I’ve been engaged in the world frugality for years now. I’ve had proto anti-consumerist ideas during high school, and it helped flesh out a frugal philosophy for myself. So, after distilling the commonality of many of the tips and tricks of the world of frugality, I have come up with a list of basic principles. These are high-level principles, but keeping them n the heart of your frugal codex can make you better at frugality; these are the Frugal Nexus’s list of frugal principles.
This is a big one folks. Frugality is basically a type of diet. Weight loss diets are ultimately reducible to calories in, calories out, frugality is a strict sense is concerned with the relationship between money in and money out. It’s great we can talk about saving money, getting the best deals, extracting the most values, but to actually do it requires discipline. To lock away your wallet, to stop eating out, to stop impulse buying things takes effort and discipline. Without the muscle behind your frugal views your efforts to be frugal will be wasted.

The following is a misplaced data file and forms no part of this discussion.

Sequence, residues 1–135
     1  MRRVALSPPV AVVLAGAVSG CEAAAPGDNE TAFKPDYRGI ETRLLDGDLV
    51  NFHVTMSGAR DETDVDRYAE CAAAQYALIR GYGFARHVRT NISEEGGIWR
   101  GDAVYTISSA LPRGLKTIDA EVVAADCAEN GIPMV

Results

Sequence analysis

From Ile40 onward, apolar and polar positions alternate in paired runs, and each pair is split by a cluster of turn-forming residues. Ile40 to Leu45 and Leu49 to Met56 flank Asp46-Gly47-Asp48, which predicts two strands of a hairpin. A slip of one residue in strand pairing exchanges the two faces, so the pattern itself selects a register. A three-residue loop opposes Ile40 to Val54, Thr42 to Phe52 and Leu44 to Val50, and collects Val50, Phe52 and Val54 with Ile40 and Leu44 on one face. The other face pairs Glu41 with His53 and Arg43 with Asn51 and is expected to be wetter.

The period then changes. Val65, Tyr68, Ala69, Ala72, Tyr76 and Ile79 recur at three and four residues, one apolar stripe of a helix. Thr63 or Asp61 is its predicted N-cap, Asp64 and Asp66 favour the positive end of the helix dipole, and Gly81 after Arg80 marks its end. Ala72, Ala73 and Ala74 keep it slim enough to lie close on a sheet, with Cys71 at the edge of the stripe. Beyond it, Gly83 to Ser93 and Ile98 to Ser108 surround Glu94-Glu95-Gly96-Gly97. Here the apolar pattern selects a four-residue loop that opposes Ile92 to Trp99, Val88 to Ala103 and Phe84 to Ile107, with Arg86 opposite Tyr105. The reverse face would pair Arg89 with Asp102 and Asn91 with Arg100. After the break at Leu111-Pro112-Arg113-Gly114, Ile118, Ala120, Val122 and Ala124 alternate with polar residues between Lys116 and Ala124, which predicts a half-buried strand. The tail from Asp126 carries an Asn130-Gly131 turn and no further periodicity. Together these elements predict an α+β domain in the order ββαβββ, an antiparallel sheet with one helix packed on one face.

Look folks, for best success you have to be organized. Frugality requires planning (e.g., the foresight to cook your lunch before you go to work), it can mean being organized in your house (e.g., being able to find your tools so you’re not out buying new tools). For proper budgeting, you will need to hang onto your receipts. Being organized helps in so many ways, not with just frugality but with everything. Organization takes discipline, but helps save time and money in the long run. Be organized folks.
You have to say no. This ties into discipline. If you’ve been bad with your finances, it could be due to the inability to say no. We all have reptilian brains that always encourage us to do things that in the long term are not in our best interest. But you have to learn to say no.